Filed under: Cable Identification, Heat Shrink Tubing, Label Printers
Patch cords can be a tricky bunch. First of all, they all look the same – it can be almost impossible to tell them apart. And I think that they had a little network cable meeting and planned it that way. It’s like they’ve taken the oldest decoy trick in the book to the extreme: when one misbehaves, they all gang up together like an army of clones, looking the same, so that the poor IT tech sent in to troubleshoot can’t visually separate the real culprit from the rabble of imposters surrounding it. Who knew that mere cable could be so devious?
So right off the bat, it goes without saying that patch cords need labels – at least they do if you want to remain in possession of your sanity when you deal with them. But depending on where the cables are located, you need to give some thought to what you use. In well-ventilated areas where heat doesn’t really get the chance to build up, sticker-style labels work fine on patch cords. But if they’re cooped up in an enclosure with hot-running servers or in an otherwise warm environment, the toasty conditions can eventually cause the label adhesive to fail. After a while, you can end up with a bunch of gummy, unidentifiable patch cords and a pile of fallen-off labels on the floor below them. That’s no good.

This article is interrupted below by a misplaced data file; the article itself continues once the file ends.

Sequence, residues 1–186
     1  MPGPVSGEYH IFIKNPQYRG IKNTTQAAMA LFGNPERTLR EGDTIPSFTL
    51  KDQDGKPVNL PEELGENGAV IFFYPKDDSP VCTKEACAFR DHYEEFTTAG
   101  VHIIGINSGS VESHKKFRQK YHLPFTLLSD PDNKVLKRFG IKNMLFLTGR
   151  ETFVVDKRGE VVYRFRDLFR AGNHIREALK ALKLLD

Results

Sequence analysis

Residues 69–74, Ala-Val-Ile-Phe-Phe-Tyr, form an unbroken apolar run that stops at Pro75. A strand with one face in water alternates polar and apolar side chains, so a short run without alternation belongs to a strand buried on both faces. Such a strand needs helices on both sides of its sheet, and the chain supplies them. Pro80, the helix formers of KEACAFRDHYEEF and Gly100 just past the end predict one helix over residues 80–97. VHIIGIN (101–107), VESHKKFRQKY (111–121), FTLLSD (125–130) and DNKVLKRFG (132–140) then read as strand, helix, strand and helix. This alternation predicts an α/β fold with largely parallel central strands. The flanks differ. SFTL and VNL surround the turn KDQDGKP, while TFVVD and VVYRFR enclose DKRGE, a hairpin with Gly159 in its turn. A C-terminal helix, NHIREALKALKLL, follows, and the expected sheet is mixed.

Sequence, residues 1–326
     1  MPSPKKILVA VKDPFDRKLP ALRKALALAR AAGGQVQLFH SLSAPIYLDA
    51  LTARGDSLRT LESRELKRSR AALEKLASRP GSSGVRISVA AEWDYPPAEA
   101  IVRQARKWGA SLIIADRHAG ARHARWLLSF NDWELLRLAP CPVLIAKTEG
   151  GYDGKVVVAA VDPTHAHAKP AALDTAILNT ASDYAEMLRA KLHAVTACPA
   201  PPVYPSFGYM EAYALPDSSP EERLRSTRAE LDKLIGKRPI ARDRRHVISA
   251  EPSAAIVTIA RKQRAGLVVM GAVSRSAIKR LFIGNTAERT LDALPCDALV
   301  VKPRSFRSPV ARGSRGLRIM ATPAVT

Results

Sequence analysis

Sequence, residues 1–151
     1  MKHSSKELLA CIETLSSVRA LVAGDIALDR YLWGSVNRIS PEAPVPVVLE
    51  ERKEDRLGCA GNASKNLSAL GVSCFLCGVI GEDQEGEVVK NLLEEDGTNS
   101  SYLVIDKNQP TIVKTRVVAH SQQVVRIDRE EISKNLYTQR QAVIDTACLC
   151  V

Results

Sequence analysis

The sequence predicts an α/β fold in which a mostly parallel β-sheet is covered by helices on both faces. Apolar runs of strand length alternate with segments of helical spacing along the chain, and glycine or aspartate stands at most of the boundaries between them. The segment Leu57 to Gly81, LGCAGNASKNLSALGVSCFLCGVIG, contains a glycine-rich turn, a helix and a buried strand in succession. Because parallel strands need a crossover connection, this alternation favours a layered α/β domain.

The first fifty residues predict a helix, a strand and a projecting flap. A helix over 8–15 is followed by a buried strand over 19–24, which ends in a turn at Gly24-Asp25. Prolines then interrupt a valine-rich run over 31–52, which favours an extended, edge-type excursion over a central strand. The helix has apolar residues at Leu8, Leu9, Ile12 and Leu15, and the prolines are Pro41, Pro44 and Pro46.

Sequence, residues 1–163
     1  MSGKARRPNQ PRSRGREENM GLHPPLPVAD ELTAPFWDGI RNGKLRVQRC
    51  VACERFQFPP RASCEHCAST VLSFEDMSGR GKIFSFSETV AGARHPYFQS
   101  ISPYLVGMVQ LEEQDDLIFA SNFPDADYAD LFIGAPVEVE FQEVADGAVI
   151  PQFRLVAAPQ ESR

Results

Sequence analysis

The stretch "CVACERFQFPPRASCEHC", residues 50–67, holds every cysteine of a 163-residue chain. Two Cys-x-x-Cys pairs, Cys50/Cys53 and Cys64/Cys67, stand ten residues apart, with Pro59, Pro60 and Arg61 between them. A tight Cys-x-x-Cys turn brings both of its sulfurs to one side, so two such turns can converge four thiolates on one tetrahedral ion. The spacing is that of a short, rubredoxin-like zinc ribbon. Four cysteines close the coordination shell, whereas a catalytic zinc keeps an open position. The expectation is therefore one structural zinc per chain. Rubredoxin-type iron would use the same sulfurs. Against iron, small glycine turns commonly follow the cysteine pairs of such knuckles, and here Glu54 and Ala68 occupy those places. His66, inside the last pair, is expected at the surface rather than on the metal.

To keep your patch cords labeled for the long haul, I recommend using a nice tube-style heat shrink label, like the ones in Brady’s IDxpert™ line. IDxpert™ heat shrink labels come in cartridge form, so that they can be used in conjunction with Brady label printers. You just load in the heat shrink cartridge, type the legends you want to use into your label printer, and let it rip. Once they’re printed, slip the sleeve-style labels onto your patch cords, and shrink them into place with a heat gun. No slipping around, no peeling off, just labels that stay exactly where you need them… on those pesky little patch cords.
If you’re a complete butterfingers with penchant for labeling things, have I got the label printer for you. Meet the Brady ID PAL™, a handheld, multipurpose label maker that’s tough enough to withstand even a 4-foot drop onto concrete. So, now that you no longer have to worry about your labeler being destroyed every time it slips out of your hands, what sorts of tasks is your ID PAL™ going to help you tackle?